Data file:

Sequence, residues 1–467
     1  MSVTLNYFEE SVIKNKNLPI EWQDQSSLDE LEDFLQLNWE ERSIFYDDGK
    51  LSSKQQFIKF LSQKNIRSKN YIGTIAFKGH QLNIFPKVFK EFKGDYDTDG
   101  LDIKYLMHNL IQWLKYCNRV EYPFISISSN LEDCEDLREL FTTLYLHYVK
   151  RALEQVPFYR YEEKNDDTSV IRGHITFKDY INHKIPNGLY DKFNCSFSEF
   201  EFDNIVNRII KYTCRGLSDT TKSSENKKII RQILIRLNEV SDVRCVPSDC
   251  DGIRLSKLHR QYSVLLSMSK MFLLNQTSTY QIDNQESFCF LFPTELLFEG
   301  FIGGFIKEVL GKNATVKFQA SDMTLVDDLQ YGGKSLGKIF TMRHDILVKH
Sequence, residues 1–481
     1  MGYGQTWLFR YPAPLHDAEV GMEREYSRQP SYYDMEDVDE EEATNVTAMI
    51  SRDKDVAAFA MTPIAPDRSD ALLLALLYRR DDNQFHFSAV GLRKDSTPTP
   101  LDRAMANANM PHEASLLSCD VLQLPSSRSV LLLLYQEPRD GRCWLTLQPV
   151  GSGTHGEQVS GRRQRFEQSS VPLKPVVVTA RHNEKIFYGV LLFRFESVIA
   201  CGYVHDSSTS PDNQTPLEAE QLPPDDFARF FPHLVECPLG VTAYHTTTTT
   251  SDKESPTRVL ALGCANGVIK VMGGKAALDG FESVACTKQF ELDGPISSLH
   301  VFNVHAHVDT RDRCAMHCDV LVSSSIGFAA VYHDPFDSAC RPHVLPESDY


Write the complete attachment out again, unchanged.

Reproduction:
Sequence, residues 1–467
     1  MSVTLNYFEE SVIKNKNLPI EWQDQSSLDE LEDFLQLNWE ERSIFYDDGK
    51  LSSKQQFIKF LSQKNIRSKN YIGTIAFKGH QLNIFPKVFK EFKGDYDTDG
   101  LDIKYLMHNL IQWLKYCNRV EYPFISISSN LEDCEDLREL FTTLYLHYVK
   151  RALEQVPFYR YEEKNDDTSV IRGHITFKDY INHKIPNGLY DKFNCSFSEF
   201  EFDNIVNRII KYTCRGLSDT TKSSENKKII RQILIRLNEV SDVRCVPSDC
   251  DGIRLSKLHR QYSVLLSMSK MFLLNQTSTY QIDNQESFCF LFPTELLFEG
   301  FIGGFIKEVL GKNATVKFQA SDMTLVDDLQ YGGKSLGKIF TMRHDILVKH
Sequence, residues 1–481
     1  MGYGQTWLFR YPAPLHDAEV GMEREYSRQP SYYDMEDVDE EEATNVTAMI
    51  SRDKDVAAFA MTPIAPDRSD ALLLALLYRR DDNQFHFSAV GLRKDSTPTP
   101  LDRAMANANM PHEASLLSCD VLQLPSSRSV LLLLYQEPRD GRCWLTLQPV
   151  GSGTHGEQVS GRRQRFEQSS VPLKPVVVTA RHNEKIFYGV LLFRFESVIA
   201  CGYVHDSSTS PDNQTPLEAE QLPPDDFARF FPHLVECPLG VTAYHTTTTT
   251  SDKESPTRVL ALGCANGVIK VMGGKAALDG FESVACTKQF ELDGPISSLH
   301  VFNVHAHVDT RDRCAMHCDV LVSSSIGFAA VYHDPFDSAC RPHVLPESDY